Franklin McMahon: The Chicago artist who captured history | Bleader

Franklin McMahon: The Chicago artist who captured history

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Trial of Emmett Tills Killers

Artist Franklin McMahon, who documented American political process throughout the second half of the 20th century, died March 3, at the age of 90. Born in Oak Park, and a longtime resident of Lake Forest, McMahon was a B-17 navigator, shot down over Germany in World War II. He studied on the GI Bill at the Chicago Academy of Art, the American Academy of Art, and the Art Institute of Chicago, and rose to national attention in 1955, when Life magazine assigned him to cover the infamous trial of Emmett Till's murderers. His vivid, rapidly rendered charcoal drawings and paintings captured everything, but especially, the civil rights movement, the Catholic church, and Chicago history—on the streets, as it was happening.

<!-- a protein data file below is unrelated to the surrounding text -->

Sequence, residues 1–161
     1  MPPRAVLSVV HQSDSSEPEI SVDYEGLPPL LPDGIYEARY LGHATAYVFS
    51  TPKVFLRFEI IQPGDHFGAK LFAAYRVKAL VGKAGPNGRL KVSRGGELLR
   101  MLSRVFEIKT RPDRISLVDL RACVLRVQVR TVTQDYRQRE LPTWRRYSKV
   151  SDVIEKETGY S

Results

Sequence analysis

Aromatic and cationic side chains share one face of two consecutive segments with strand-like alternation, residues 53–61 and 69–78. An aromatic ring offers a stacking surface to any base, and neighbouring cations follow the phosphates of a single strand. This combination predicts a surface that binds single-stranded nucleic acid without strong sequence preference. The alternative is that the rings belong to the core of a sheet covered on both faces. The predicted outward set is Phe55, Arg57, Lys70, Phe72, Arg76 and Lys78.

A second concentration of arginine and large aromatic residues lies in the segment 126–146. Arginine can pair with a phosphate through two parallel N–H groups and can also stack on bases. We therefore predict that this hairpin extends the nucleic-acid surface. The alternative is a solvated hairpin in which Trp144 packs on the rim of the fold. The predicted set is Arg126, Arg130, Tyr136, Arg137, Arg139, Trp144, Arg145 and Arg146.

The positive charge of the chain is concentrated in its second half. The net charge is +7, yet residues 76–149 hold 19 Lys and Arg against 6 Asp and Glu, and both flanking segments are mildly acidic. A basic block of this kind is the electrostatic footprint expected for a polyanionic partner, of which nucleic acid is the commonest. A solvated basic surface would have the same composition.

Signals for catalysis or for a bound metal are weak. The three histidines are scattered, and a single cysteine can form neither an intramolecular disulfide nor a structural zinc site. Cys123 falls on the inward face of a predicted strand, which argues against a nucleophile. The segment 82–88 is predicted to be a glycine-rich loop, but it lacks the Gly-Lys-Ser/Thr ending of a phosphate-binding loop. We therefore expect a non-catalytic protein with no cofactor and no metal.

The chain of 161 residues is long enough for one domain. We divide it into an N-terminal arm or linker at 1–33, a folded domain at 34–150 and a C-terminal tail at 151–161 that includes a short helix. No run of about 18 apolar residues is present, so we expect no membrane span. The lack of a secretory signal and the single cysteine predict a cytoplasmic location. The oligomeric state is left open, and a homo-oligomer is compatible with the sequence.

McMahon's work is included in the collections of the Chicago History Museum and the Library of Congress.

A funeral mass is scheduled for 10 AM Saturday, at St. Patrick Catholic Church, 991 S. Waukegan Rd., Lake Forest.

See a slideshow of some of McMahon's work.

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